I have an observation about my church.
I’ve noticed the quality and the quantity of snacks have increased substantially over the past year or so.
Every week there’s coffee, that’s pretty much standard for before and after any church service. But now there’s fancy ice water and a cold, milky coffee drink that I can’t get enough of, and sometimes also hot chocolate — with marshmallows and other assorted fixin’s.
Most notably, we’ve gone from the occasional after-church doughnuts or cookies to table tops piled with cookies AND doughnuts AND fruit — AND bacon.
One time there was a table filled with a dozen or so huge jars of colorful candies.
This past weekend it was fried chicken, tables set with place settings and an entire chicken dinner at each seat.
I’ve learned that it’s best to come to church hungry, because you never know.
My church believes that church doesn’t end at the worship team’s final song and the pastor’s benediction.
We believe that the after-church snacks are a continuation of the worship service. We’re in the Father’s house and he says, “Are you hungry, kids? Let’s eat.”
This past weekend, my pastor’s sermon was one of my favorites of his topics: the church as family.
It was a good appetizer for the meal we had together, the meal prior to the after-church fried chicken.
Before the chicken we first had communion together, sharing the sacrament together, the “communion of saints,” as it says in the Apostle’s Creed, a symbol and the very means of bringing us together as one family.
My pastor always talks about coming to the Lord’s table as a family. He always says we “walk to heaven together.”
Author Hannah Anderson writes that as we come to the communion table “we are pursuing more than sustenance; we are seeking the goodness of knowing we have a place, of knowing that there will always be room for us. We are seeking the goodness of home and family and community.”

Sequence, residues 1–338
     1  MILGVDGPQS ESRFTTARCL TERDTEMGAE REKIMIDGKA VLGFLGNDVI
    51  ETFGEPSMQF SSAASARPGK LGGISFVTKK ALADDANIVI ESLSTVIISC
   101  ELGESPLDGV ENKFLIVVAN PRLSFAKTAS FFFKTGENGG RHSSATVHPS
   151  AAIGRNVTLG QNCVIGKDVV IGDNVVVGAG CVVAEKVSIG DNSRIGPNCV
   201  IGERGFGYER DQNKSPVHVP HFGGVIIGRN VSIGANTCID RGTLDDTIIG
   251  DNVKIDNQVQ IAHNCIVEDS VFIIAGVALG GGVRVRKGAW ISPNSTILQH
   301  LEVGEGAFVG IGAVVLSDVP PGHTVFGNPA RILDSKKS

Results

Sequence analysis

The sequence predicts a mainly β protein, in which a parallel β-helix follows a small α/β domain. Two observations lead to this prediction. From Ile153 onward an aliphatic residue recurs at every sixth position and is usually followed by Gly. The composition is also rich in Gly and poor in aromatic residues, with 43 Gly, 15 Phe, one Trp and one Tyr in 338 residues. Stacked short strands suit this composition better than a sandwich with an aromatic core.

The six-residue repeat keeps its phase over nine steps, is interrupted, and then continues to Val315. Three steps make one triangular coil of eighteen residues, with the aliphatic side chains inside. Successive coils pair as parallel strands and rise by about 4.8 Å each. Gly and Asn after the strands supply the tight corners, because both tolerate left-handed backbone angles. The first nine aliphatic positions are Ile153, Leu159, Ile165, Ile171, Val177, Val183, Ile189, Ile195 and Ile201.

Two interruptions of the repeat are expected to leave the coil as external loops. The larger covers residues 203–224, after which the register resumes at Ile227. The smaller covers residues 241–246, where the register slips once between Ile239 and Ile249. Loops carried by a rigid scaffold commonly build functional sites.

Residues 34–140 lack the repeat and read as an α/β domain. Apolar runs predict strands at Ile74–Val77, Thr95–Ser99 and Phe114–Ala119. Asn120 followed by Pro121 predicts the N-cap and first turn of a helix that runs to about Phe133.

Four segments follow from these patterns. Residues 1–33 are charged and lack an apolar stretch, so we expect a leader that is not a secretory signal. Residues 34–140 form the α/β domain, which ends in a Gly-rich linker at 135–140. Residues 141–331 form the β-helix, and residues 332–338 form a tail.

My favorite part of communion is watching the people return to their seats after they’ve received the bread, dipped it into the wine, then eat it.
The musicians playing, people singing. You can feel it — the Lord is in this place.
From my seat on the front row, as the people pass right by me, I’m struck by how much I love them, even if I don’t know their names.
Sometimes, if I catch someone’s eye, I’ll reach out and touch their hand or stand up and we’ll hug.
The communion of saints, the forgiveness of sins, experiencing a taste of eternity, sharing a meal together here on earth in anticipation and preparation of the infinite meals we will share together forever in heaven.
I think that the fried chicken is practice for that time, too.
I imagine someone might think the amount of money my church spends on snacks is extravagant and could be put to better use, but it’s not about the snacks.
It’s about feeding and nurturing the family, getting us ready for the feast that awaits us when we are finally home.
Nancy Kennedy can be reached at 352-564-2927 or by email at firstname.lastname@example.org.